Frankly, the Lions are a hard team to figure out. Jim Caldwell was considered a candidate to be fired late last year even though they won nine games. Stafford took a step forward but his weapons -- Golden Tate, Marvin Jones and Eric Ebron -- aren't entirely trustworthy. Detroit is pinning its the running game on Ameer Abdullah being healthy, which is scary. The offensive line was upgraded even though it lost Reiff and Larry Warford, thanks to the additions of Rick Wagner and T.J. Lang. The defense added Jarrad Davis in the draft, who could be one of the biggest impact first-year players in the entire division. But there are still a ton of questions all over that unit. Credit Teryl Austin for getting the most out of them. 

The schedule is pretty tough to start the season, though. The Cardinals, Giants (away), Falcons, Vikings (away), Panthers and Saints are not easy matchups on paper. That also means the Packers are coming twice after the Week 7 bye.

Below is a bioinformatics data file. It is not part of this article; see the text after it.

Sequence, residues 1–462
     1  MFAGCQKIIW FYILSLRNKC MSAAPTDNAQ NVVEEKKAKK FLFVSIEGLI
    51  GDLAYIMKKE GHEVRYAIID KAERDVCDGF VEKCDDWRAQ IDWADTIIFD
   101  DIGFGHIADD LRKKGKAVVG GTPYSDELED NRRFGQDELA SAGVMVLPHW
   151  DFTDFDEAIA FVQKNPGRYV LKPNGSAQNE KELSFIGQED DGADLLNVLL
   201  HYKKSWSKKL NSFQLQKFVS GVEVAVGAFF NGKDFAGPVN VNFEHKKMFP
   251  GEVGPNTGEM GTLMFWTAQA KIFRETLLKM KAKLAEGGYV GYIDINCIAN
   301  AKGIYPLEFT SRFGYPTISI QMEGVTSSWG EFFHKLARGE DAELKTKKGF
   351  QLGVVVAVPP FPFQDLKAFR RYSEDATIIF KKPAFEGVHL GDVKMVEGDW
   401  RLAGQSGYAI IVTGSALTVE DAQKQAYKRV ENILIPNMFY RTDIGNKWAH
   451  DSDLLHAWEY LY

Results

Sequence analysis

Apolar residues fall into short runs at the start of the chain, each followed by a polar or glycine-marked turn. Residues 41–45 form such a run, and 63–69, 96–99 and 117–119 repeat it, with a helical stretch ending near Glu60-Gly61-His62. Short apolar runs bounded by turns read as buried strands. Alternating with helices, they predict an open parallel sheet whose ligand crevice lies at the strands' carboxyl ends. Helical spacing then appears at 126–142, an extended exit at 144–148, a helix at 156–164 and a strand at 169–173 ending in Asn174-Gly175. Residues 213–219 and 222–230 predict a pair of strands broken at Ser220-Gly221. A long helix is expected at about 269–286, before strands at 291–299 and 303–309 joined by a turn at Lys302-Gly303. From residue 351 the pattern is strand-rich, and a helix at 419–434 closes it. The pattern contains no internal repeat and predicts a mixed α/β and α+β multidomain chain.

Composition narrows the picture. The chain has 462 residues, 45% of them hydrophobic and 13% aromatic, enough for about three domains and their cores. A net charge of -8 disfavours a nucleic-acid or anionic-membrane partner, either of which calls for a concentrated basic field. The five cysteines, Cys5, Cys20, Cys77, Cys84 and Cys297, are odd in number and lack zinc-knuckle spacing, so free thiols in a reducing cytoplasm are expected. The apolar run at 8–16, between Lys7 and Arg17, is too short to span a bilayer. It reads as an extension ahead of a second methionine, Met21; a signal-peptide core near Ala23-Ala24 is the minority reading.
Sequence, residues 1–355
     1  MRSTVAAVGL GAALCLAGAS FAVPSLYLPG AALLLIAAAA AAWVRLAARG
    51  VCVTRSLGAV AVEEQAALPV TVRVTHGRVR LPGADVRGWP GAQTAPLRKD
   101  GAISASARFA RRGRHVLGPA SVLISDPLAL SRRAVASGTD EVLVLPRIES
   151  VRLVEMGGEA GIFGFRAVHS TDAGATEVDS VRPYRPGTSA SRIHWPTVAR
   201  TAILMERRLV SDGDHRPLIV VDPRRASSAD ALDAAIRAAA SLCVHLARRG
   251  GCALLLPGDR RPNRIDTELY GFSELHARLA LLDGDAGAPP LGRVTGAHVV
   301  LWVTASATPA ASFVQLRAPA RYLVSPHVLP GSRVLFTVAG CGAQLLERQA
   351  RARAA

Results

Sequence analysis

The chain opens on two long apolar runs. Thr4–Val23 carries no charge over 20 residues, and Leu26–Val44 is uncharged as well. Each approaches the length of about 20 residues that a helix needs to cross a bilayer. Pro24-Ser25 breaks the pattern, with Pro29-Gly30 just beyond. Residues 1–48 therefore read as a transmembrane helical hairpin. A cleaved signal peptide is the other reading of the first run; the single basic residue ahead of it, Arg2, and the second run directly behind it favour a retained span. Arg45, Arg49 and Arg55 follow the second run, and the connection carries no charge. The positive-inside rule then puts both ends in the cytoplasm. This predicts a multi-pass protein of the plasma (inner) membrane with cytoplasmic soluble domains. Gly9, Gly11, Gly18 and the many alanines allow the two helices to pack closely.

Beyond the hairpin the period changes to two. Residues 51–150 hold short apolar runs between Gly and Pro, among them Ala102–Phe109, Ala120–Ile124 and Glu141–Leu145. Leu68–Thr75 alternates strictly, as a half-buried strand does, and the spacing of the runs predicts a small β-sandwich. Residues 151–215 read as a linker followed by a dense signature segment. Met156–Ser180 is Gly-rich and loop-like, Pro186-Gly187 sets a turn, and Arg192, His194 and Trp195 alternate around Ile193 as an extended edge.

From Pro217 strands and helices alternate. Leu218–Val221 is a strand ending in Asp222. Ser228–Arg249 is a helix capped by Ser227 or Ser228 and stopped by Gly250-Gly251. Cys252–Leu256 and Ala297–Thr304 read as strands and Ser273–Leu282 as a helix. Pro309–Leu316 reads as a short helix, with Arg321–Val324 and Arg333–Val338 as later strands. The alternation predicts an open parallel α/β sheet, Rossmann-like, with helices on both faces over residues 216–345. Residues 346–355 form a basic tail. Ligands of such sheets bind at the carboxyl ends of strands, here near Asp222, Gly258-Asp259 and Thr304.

Chicago Bears

5.5 Over (Even) / Under (-130) 

Not the best offseason for Chicago, unless you give points for franchises creating quarterback drama that should linger for a few months into training camp by signing a quarterback (Mike Glennon) in free agency and not telling him the plan to draft another quarterback (Mitchell Trubisky) with the No. 2 overall pick in the 2017 NFL Draft. Regardless of what happens, the process involved for Ryan Pace and the Bears feels flawed. The Glennon/Jordan Howard/Cameron Meredith nucleus on offense -- along with some talented players on the offensive line, including Kyle Long -- makes this team at least interesting. But you look at this depth chart and they simply didn't add a ton of impact players in the draft. For a team that was originally picking No. 3 overall, that is a pretty big concern. 

The schedule for Chicago is terrifying. Their opponents before their Week 9 bye are the Falcons (home), Buccaneers (road), Steelers (home), Packers (road), Vikings (home), Ravens (road), Panthers (home), Saints (road). That puts 0-8 firmly in play, which means that no matter how Glennon is playing, there are going to be cries for Trubisky. What's the best case for Chicago through that stretch, 4-4? That might inspire calls too. 

***BEST BET***